• There was no separate results framework. Instead, program performance was to be evaluated based on the performance indicators specified in the program matrix, which was also used by the AfDB and EU. While the matrix provided a clear presentation of the program development objectives and the causal link (i.e., actions and conditions) to the expected outcome, it used outcome indicators that were not linked to the ICL’s broader development objectives (i.e., increased global integration, improved competitiveness). Moreover, the two-tranche DPL's two year time horizon was not sufficient to achieve the significant changes envisaged as part of higher order development outcomes. As a result, the staff selected indicators that were linked directly to the policy actions in the program matrix.

The relevance of design was modest.


4. Achievement of Objectives (Efficacy) :

Overall Objective

The Program Matrix/Results Framework did not have a separate set of expected outcomes/outputs nor performance indicators related to the ICL’s overall objective of supporting the Government’s efforts to deepen Tunisia’s global integration and enhance the capacity of Tunisian firms to exploit the opportunities offered by greater integration. Rather, it included expected outcomes/outputs and performance indicators for each of the three specific objectives, implying that performance in achieving the overall objective would be related directly to performance on each of the three specific objectives. As the ICR indicated, it would be unrealistic to expect significant changes in higher order development outcome given the short (two-year) time frame of the ICL. Nonetheless, the Program Matrix/Results Framework could have identified intermediate indicators that would have gauged progress towards these higher order development outcomes. Since no expected outcomes/outputs or intermediate performance indicators were specified, monitored, or measured, efficacy in achieving the overall objective is rated negligible.

Specific Objectives

Specific Objective 1: Reducing Trade Transaction Costs and Deepening Tunisia’s Global Integration. Performance in achieving the five targeted outcomes regarding this objective was mixed, with only one performance indicator target apparently achieved, three indicator targets partially achieved, and one indicator indeterminate. The ICR asserts that the simple mean of MFN import duties at the HS 6 digits level declined as expected from 21.7 percent in 2009 to 17 percent in 2010. The indicator regarding the expected one-third decline in the number of product standards and quality norms that are not identical to international standards was not achieved since the full implementation of the law passed in 2009 allowing for the substitution of up to half of the obligatory norms with voluntary norms will take place in 5 years. Similarly, the target to reduce the share of import transactions subject to technical controls to 90 percent in 2010 from 100 percent in 2008 was not met since the installation of a software system capably of applying this principal to imports has been delayed until 2012. The target regarding the reduction in the mean time of port clearance from 5.6 day in 2009 to 3 days or less in 2010 was only partially achieved, as the current clearance time is 3.55 days. Finally, the target of doubling the number of meetings organized annually by the National Council on Services could not be assessed since this indicator is not systematically measured. Moreover, even if it was measured, this variable is really more of an output than a performance indicator. Although the PAD’s Program Matrix included a sixth expected outcome/indicator (“At least 3 activities proposed in the Inter-Ministerial Council action plan to reform the regulatory framework of the services sector are reflected in official documents), no data or assessment were provided in the ICR and, hence, there is no basis to assess such performance. Efficacy in achieving the first specific objective is rated modest.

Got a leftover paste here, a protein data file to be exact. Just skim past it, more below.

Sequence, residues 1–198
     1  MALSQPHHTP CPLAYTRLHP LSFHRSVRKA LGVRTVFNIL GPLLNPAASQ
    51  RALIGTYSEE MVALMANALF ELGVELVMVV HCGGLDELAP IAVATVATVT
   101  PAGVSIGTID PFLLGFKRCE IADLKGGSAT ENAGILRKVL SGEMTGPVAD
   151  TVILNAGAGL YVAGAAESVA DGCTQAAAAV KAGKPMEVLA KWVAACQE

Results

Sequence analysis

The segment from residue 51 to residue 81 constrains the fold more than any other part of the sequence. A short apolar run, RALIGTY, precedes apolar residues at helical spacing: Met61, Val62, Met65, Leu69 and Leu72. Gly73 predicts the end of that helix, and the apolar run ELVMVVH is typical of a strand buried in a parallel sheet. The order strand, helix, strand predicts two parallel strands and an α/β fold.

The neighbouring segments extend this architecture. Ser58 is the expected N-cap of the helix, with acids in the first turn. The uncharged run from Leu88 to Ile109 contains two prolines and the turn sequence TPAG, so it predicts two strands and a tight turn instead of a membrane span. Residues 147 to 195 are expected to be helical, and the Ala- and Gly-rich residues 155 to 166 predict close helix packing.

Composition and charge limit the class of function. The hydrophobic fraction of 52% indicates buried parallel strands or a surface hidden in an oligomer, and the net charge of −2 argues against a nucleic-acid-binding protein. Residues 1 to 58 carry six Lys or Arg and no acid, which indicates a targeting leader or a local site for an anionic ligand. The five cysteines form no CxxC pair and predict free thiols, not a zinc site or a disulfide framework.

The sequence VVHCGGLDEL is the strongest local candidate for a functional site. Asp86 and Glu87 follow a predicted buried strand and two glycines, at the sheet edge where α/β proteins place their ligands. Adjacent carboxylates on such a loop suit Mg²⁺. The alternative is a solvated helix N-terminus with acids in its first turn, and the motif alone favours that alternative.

Specific Objective 2: Further Improving the Business Climate to Encourage Private Investment and Facilitate Business Operations.